Jihong joined Quantile’s 2022 internship programme and after making a brilliant contribution to our engineering team, subsequently became a full-time employee in New York. This International Women in Engineering Day, we sat down to learn more about Jihong’s experience and how she’s finding her career in Engineering at Quantile.
Can you talk us through your academic background?
My current position as a Quantitative Developer is my first job out of college: I graduated from Williams College with a Bachelor’s degree in June 2022, four months before I began my internship at Quantile. At college, I majored in Computer Science, Statistics, and Economics as my interests always lay in the intersect between these three disciplines and completed an honours thesis in Statistics, with a focus on statistical modelling, a mix of disciplines very closely aligned with my career here on the Engineering team.
What drew you to an internship at Quantile?
I initially heard of Quantile through a recruiter who recommended the internship application since the Quantitative Developer role would require skills relevant to each of my majors. I was comfortable coding in Python given my Computer Science major and my Economics background would help apply this technical skill to Quantile’s work in the finance realm. Finally, having always been interested in statistical modelling, I was excited that the job entailed modelling work.
Beyond the initial impression, the interview process made it clear that I would enjoy working at Quantile. The interviews went beyond my educational background and interests, requiring deep critical thinking and problem solving. I knew then that this role would be constructively challenging and would push me to grow both as a developer and as a critical thinker.
What did a typical day in your internship look like?
During my internship, most of my time was spent on Python development, working on projects that ranged from prototyping a new model and testing new functionalities with edge cases to simplifying constraints for the current model. I enjoyed the diversity of projects over the two months, getting to see and work with several different parts of the codebase.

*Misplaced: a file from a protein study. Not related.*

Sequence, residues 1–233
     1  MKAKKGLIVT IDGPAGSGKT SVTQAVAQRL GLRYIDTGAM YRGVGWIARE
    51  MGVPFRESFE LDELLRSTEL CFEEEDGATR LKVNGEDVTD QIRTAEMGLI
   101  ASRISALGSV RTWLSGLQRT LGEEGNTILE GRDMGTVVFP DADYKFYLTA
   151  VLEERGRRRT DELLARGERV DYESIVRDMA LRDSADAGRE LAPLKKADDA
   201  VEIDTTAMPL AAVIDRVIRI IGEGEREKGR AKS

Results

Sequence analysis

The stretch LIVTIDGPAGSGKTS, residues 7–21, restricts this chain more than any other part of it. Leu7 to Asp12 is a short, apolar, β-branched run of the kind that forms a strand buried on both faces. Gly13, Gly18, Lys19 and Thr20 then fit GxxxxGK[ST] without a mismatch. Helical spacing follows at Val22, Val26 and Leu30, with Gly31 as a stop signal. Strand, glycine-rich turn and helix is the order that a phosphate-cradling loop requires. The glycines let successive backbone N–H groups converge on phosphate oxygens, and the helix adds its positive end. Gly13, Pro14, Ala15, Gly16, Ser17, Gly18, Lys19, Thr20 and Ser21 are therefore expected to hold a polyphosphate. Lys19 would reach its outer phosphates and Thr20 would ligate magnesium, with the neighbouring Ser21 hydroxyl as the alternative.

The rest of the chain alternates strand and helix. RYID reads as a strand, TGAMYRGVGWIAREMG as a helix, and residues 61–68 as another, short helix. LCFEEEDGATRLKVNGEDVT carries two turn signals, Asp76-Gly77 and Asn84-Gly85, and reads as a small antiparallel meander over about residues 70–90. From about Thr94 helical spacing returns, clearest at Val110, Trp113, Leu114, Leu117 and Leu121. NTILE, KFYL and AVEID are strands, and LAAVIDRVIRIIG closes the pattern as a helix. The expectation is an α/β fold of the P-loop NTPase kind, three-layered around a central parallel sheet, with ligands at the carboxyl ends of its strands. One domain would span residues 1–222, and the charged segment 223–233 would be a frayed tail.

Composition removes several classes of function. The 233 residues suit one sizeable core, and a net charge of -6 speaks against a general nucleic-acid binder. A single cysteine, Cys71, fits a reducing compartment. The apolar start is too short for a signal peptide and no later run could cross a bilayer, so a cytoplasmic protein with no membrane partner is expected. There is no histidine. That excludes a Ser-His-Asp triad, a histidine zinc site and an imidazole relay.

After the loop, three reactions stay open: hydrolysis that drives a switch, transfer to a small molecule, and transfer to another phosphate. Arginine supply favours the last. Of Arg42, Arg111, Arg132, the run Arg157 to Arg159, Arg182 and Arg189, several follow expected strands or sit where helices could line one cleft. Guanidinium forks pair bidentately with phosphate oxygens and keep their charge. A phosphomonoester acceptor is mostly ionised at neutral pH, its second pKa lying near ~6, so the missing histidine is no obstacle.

I regularly checked in with my manager to give progress updates and receive feedback to either solve an issue or figure out the details for the next step. A smaller chunk of my time was spent in meetings with the rest of the compression team in the London and Amsterdam offices. During the latter half of my internship, I was also involved in compression run support, learning to monitor live runs where we would be expected to help solve problems in real-time.
Throughout my internship, I felt entrusted with responsibility and was given the freedom to explore solutions, run into problems, and figure out the appropriate fixes on my own, whilst given abundant support whenever I needed it. When starting on a project, I would be given an initial rundown of the expected outcome and I would then independently step through the codebase to figure out how to craft an apt solution. Once I ran into a problem or a point of confusion, I would ask for help. I think this system was effective in helping me grow into a better programmer and get comfortable with the codebase quickly.
How has this changed since moving to a permanent role?
Not much has changed in terms of the day-to-day and this goes to show that, as an Engineering intern at Quantile, you get an accurate idea of what working at Quantile is like. If there has been a change, it would be that the projects that I have been working on since I moved to a permanent role carry more weight and repercussions than those as an intern. My changes to the codebase touch on more processes now, which means that I need to take responsibility for any unforeseen errors and nimbly address them.
What key skills would you say you’ve learnt at Quantile?
Of course, since I work with Python on a daily basis, I’ve grown a lot as a Python developer.
Having studied Computer Science for the last four years in an academic setting, most of the code I’ve written has been for my own independent projects. At Quantile, I have learnt to work on a collaborative codebase, read and understand code written by someone else, and add my changes. The feedback step that takes place prior to any changes going live has allowed me to learn directly from other engineers on the team and how they code to make my code more efficient.
Is there any advice you would pass on to future applicants considering an Engineering role at Quantile?
Even as an intern, the organisational structure at Quantile felt very inclusive and flat. You can totally make very meaningful contributions to the code. There are multiple opportunities to contribute your ideas and choose which projects you’d like to work on.
After two months as an intern, I came away from the experience with a strong understanding of the optimisation process at the heart of Quantile’s compression service. If you are someone who loves being challenged to think critically about creative solutions to coding problems, this is the place for you.